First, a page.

Monday, April 25, 2011

Orphan Train Presentation at the Exeter Senior Center

Lela Newcombe, left, at 97 years old shares the story of her experiences on the Orphan Train at the Exeter Senior Center along with Charlotte Endorf, who has written multiple books on the Orphan Train riders.

Roma Rhodes, left, visits with Lela Newcombe who rode on the Orphan Train. Roma has preserved the Orphan Train story of her husband Robert's great, great aunt Henrietta Wiens.

It stopped at a town near you, it stopped in almost State.  Over 250,000 children rode on the “Orphan Trains” that traveled all across the United States for 75 years.

It stopped in Exeter, Neb. as well.  Records and family history list at least three members of the Exeter community who became residents after debarking a train from New York.

Charlotte Endorf, a Norfolk resident, has embraced a passion for the stories of the quickly disappearing riders of the Orphan Trains and shared that in Exeter.

She recently gave a presentation at the Exeter Senior Center sponsored in part by the Nebraska Humanities Council. Accompanying her to the event were one of the Orphan Train riders, Lela Newcombe, a 97 year-old who after three different stops ended up in Lincoln, Neb. at the age of 6.

Newcombe shared her experience, which was not a pleasant childhood after debarking the Orphan Train.  Children were often placed on the trains because there were so many homeless and orphans in larger cities, however, the majority of the time they were not adopted by the family because of the $75 cost to adopt. Newcombe was moved several different times because of abuse observed by the agent who monitored her situation.

Audience members at the presentation were able to share the stories of their family’s members who had been on the Orphan Train and were brought to Exeter.  Two came together, Thelma Bernhardt and Victoria Geyger, arrived in Exeter in September of 1901.  They were claimed through New York City Foundling Home’s program through the Catholic churches.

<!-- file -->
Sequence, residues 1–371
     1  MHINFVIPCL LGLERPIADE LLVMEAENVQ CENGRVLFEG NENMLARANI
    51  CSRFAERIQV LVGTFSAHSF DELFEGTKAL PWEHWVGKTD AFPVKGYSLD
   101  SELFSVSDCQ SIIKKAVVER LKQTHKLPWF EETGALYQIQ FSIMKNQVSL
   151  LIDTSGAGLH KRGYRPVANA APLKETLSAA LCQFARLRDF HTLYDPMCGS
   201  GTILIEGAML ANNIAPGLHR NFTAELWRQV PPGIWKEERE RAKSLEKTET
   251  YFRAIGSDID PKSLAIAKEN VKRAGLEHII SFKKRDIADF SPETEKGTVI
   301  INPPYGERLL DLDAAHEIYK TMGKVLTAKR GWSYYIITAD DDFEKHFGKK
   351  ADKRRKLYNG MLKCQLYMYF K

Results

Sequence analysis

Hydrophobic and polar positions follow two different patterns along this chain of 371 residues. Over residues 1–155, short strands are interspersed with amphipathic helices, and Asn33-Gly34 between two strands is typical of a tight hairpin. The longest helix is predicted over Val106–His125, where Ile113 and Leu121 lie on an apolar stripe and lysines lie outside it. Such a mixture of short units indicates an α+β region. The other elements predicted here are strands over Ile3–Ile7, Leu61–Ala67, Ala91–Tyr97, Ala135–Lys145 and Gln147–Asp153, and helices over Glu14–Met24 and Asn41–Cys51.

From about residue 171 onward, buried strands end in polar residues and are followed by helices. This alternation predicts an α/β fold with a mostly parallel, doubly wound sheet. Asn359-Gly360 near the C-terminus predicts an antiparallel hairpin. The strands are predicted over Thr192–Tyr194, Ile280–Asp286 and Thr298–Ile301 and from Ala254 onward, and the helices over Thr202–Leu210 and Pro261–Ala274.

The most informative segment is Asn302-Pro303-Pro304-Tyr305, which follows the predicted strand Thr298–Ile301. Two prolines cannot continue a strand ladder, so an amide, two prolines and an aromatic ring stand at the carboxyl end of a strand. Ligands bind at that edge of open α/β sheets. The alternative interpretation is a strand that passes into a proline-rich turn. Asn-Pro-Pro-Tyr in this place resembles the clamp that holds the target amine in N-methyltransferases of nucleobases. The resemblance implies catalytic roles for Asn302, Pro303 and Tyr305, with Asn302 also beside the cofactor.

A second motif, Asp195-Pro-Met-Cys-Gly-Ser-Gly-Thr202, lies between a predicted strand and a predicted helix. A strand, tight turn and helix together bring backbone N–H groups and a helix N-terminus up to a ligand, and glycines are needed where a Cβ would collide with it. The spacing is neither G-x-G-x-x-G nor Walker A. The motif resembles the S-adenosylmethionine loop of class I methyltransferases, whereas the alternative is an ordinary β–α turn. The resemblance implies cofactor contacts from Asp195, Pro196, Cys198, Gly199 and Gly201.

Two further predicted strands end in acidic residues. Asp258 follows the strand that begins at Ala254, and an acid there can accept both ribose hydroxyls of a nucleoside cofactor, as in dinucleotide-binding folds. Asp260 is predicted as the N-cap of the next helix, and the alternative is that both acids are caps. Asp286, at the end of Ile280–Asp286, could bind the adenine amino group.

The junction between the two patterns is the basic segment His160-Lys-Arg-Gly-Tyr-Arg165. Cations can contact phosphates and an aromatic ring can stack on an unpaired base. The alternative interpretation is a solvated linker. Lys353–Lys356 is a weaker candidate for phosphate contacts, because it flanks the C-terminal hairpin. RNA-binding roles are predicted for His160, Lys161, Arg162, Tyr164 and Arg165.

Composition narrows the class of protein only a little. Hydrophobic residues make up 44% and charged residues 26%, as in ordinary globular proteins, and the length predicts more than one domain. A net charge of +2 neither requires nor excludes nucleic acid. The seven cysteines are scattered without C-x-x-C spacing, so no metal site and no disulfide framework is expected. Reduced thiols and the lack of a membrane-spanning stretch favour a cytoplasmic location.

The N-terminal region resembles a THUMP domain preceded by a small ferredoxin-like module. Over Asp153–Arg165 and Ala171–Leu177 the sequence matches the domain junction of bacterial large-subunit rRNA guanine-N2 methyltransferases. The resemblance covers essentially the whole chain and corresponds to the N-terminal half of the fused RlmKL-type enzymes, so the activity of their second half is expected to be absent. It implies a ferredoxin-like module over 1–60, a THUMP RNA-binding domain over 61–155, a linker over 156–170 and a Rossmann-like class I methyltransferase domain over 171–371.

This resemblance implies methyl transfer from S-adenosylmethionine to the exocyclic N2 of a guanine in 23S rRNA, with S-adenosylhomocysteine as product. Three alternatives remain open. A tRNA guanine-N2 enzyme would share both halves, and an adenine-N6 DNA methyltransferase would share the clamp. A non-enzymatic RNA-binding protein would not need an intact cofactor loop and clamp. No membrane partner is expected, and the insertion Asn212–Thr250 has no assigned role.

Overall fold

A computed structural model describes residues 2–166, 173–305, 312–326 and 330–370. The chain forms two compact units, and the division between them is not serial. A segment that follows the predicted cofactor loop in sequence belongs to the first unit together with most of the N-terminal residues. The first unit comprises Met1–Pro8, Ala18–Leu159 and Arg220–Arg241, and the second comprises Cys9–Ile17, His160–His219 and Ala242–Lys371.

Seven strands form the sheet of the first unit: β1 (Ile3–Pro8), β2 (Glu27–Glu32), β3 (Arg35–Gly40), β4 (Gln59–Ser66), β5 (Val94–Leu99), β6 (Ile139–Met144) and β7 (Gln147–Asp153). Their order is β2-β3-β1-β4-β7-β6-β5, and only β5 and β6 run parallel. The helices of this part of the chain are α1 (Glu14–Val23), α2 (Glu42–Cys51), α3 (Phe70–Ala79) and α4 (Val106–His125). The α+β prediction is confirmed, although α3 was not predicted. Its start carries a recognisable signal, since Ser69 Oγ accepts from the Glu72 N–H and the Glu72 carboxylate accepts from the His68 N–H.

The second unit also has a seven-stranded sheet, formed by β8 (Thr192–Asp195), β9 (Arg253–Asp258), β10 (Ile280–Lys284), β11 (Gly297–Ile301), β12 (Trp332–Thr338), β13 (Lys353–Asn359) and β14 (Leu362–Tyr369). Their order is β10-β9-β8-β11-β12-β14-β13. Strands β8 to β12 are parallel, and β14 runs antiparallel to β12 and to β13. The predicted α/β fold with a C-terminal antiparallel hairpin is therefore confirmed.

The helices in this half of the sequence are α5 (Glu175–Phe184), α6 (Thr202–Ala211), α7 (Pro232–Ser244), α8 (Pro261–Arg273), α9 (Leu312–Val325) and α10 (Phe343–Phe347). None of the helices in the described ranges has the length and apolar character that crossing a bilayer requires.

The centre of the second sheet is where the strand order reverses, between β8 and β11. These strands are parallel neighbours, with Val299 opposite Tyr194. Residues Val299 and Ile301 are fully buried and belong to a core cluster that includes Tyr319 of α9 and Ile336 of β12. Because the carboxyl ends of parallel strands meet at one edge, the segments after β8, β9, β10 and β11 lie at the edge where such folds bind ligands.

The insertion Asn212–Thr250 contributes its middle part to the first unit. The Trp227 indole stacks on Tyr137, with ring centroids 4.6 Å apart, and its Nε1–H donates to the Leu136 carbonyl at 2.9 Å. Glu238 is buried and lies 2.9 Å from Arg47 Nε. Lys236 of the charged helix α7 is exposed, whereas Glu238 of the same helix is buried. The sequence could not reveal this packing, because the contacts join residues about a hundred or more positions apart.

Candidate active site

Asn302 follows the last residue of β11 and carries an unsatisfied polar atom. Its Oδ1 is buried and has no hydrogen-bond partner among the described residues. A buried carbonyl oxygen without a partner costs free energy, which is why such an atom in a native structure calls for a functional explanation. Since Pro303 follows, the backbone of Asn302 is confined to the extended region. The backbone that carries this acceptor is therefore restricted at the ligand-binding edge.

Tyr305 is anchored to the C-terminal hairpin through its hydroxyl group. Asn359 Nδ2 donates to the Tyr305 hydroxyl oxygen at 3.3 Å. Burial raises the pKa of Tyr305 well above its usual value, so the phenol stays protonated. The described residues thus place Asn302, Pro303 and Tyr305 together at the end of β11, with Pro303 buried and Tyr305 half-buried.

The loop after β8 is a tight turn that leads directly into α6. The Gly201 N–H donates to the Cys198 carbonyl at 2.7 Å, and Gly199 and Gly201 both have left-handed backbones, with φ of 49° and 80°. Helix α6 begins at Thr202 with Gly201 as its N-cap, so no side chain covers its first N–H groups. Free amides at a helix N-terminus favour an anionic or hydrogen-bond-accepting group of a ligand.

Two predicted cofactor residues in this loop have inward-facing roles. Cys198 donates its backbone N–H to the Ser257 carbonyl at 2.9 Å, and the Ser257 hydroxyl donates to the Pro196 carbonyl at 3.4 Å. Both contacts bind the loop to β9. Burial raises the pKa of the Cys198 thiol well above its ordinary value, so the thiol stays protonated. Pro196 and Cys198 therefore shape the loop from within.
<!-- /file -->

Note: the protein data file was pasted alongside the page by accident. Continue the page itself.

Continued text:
Bernhardt became a member of the Michaely family, became a teacher and married John Leif and eventually raised her six children near Exeter. Her family members still live in the Exeter area.

Geyger was taken in by the Barkmeier family, which included seven boys and one girl.  Despite health setbacks and struggles she eventually found her calling as a sister with the Dominican Sisters of St. Catharine of Siena in Kentucky. She taught school all over the States.  Geyger, later known as Sister Mary Raphael Geyger, also has a number of relatives still living in the Exeter area.

The third Orphan Train rider, Henrietta Maynard Weins, was adopted by the Maynard family.  They were an older couple and she was just five years old. They had no children of their own but had raised a niece and nephew.  Weins had a wonderful childhood with them and went on to graduate from college and teach for a time.  She eventually found her birth mother discovering that she herself had been born in Germany and come over on a ship with her young widowed mother. Eventually Weins’ mother lost her sister who had been caring for Henrietta and placed her in what she thought was a  “Children’s Nursery for Working Mothers.”  She never did see her little girl again despite an extensive search.

Weins and her husband took a trip to New York City and visited the orphanage and were shown the only records that existed for her stay.  She was able to find her mother’s name and no more.  However, she wrote down all of the names out of the New York City phonebook that matched her own.  When she arrived back in Nebraska she wrote to all of the names eventually finding and being reunited with her mother and stepbrothers in New York.

Newcombe has made it her life’s work to record the stories of the children on the Orphan Train’s in multiple books and media presentations.  She is constantly looking for more riders to interview and try to preserve their experiences on this historical journey. She enjoys sharing her program with school students as this part of the history of the United States is often overlooked.

For more information on Sister Geyger or Thelma Leif click here
you will be directed to the Creighton University website

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